Lloyds Bank is closing two branches in Birmingham - full details here

Lloyds Bank was founded in Birmingham in 1765

Lloyds Bank is closing two branches in Birmingham

Lloyds Banking Group is closing a further 48 branches, blaiming a decline in visits by cutomers for the closures.

The Group will close 41 Lloyds Bank branches and seven Halifax branches across the country, with Unite union saying this could lead to 178 job losses.

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Two of these closures are in Birmingham

  • Lloyds Birmingham Cotteridge is due to close on 2 March 2022
  • Lloyds Birmingham Springfield is due to close on 16 February 2022

The announcement will cut the number of Lloyds Banking Group branches across the country to 1,475.

The group says that all customers have alternative access to cash within a third of a mile of the branches that will close.

The banking group was founded in Birmingham by John Taylor, Sampson Lloyd and their two sons in 1765. It was the city’s only bank for 99 years.

Lloyds Bank

What have Lloyds Bank said about the closures in their own words?

Vim Maru, retail director for Lloyds Banking Group, said: “Like many other businesses, we’ve seen people using our branches less frequently in recent years, and this decline is continuing.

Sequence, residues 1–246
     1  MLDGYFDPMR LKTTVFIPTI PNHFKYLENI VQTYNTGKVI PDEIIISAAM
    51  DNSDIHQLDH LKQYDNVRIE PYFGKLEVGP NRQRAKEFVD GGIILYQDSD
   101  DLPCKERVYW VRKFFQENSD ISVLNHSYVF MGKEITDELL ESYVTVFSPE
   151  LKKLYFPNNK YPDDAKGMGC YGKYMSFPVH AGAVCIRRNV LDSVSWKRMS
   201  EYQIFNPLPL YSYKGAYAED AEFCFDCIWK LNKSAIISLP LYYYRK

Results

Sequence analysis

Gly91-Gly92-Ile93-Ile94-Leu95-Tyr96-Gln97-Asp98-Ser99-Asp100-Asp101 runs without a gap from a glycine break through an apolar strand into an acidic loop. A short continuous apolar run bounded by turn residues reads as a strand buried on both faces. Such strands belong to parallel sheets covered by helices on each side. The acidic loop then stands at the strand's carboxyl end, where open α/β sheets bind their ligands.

“Our branches remain a fundamental part of how we serve our customers but we need to ensure the size of our branch network reflects the number of customers wanting to use them.”

What concerns do the unions have about the closures?

However, Unite said the move will deny thousands of customers access to vital services and cash.

General secretary of the union, Sharon Graham, said: “The announcement by Lloyds Banking Group of closing a further 48 bank branches is a complete betrayal of the communities and staff who have long supported this highly profitable business.

“This sector needs to start taking their corporate social responsibilities seriously and stop neglecting their obligations to their customers and workforce.

“Banks are leaving people behind in the rush to close bank branches and force consumers to go cashless to boost their mega-profits. It’s a classic example of putting profits before people.”

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